[058] Third Point: “I will consider who I am, and by means of examples humble myself: What am I compared with all men? What are all men compared with the angels and saints of paradise? Consider what all creation is in comparison with God. Then I alone, what can I be? I will consider all the corruption and loathsomeness of my body. I will consider myself as a source of corruption and contagion from which has issued countless sins and evils and the most offensive poison.”

What I am compared with all the men and women who have ever lived? There’s around 7 billion people alive right now, and 108 billion have been born on this planet. What percentage of the population am I? “What is a leaf in comparison with the forest? A grain of sand compared with the beach? Considered this way, little me is nothing.”

Consider all these people, though, compared with one angel, in all its glory, all its power, all its strength. All those people are nothing compared to a single angel.

And yet, what are all men and women, all angels, and all creation, when compared with God? Absolutely nothing. They are nothing. And yet little me, in my littleness and insignificance, have dared to rebel against God, like a spoiled child who throws a tantrum. It like “when a parent feels the strangeness of the power of the obstinate will of his children to resist and spurn persuasion, love, hope, or fear of punishment. A power so strong resides in a body so small and a mind so childish; yet it is a faint picture of men when they have willfully sinned.”[5]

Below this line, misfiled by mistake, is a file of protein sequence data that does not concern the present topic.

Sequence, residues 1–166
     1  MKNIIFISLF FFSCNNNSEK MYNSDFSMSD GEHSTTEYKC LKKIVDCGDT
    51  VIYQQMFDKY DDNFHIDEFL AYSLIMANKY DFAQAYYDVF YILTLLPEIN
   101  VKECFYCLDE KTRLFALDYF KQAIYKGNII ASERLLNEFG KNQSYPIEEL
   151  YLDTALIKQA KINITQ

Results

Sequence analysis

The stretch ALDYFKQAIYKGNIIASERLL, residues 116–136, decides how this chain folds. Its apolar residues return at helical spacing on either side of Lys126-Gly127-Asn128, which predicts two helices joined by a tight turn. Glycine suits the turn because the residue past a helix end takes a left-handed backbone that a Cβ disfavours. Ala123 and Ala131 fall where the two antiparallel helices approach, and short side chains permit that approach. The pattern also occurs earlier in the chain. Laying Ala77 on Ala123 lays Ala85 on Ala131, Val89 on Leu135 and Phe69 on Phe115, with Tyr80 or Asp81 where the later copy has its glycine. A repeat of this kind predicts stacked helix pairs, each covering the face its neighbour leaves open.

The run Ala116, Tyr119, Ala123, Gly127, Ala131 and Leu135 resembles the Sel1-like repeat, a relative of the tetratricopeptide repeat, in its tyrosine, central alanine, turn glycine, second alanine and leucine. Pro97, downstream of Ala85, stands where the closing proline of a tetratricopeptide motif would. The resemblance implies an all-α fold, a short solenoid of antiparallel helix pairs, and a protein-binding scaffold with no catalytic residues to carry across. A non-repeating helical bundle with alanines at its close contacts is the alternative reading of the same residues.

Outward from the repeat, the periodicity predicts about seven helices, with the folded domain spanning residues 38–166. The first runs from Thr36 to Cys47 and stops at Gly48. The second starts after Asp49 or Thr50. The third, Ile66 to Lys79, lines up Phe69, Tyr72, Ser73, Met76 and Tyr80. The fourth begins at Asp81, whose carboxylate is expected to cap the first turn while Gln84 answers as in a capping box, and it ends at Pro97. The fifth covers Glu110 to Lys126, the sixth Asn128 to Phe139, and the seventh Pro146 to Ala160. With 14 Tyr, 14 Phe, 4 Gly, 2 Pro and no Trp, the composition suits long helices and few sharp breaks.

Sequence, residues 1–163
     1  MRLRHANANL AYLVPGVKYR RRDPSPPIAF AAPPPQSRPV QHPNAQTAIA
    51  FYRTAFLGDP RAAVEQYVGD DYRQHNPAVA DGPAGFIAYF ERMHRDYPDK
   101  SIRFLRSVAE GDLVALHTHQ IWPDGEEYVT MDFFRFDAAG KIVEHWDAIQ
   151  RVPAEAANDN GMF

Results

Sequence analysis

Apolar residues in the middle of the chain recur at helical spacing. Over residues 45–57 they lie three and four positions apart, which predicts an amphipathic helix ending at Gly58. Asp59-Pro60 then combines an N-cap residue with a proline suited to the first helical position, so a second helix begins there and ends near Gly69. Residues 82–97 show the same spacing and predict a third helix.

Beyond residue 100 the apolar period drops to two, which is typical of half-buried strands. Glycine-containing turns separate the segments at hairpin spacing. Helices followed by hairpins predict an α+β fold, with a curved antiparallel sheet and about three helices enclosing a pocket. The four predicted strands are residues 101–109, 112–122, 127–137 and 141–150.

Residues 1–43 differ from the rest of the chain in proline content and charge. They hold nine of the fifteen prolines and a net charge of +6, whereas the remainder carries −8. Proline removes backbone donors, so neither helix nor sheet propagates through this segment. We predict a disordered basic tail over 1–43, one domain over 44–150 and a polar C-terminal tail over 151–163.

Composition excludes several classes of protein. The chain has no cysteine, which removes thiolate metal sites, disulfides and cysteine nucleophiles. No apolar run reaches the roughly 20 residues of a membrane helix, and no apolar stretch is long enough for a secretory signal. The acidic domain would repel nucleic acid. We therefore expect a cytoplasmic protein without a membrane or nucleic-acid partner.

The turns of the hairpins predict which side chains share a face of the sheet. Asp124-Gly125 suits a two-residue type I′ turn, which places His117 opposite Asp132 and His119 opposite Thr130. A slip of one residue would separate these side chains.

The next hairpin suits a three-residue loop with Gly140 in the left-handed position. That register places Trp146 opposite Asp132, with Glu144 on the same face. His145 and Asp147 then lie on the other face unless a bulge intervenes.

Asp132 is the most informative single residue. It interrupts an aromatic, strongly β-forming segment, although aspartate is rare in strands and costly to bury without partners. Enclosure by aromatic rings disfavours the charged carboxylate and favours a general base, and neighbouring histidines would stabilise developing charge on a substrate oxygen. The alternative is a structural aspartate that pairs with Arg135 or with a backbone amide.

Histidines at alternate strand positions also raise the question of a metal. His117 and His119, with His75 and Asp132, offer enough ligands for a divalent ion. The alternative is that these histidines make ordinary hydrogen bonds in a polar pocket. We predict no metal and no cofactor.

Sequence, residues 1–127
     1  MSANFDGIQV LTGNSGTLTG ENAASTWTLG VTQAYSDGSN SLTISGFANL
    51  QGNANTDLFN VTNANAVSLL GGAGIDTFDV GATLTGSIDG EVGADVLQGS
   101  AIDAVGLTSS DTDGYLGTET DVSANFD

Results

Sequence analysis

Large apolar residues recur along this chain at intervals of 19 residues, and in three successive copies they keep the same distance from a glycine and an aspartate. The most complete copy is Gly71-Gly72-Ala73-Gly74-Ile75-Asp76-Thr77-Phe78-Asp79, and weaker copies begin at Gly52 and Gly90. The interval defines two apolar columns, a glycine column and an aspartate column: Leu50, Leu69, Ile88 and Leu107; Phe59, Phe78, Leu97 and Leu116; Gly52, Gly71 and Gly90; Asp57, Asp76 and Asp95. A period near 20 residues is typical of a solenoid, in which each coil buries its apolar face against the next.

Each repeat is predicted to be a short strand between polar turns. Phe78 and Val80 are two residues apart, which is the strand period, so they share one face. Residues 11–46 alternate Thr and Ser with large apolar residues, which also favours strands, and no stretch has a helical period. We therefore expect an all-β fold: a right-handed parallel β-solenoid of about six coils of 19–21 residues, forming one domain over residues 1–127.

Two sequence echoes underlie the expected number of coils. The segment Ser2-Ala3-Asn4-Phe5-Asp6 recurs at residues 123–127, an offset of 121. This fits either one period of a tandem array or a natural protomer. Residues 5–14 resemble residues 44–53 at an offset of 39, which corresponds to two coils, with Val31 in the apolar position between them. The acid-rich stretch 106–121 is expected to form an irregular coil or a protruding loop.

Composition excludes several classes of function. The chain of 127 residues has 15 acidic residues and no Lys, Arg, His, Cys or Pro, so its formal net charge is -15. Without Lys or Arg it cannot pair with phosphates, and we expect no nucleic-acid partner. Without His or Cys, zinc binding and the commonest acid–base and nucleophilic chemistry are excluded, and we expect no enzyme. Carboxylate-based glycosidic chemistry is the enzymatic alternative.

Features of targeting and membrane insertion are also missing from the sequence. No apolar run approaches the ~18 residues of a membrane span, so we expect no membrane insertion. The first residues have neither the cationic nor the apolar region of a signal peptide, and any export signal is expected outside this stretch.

[059] Fourth Point: “I will consider who God is against whom I have sinned, going through His attributes and comparing them with their contraries in me: His wisdom with my ignorance, His power with my weakness, His justice with my iniquity, His goodness with my wickedness.”

Consider God’s attributes: “For the foolishness of God is wiser than human wisdom, and the weakness of God is stronger than human strength” (1 Cor 1:25).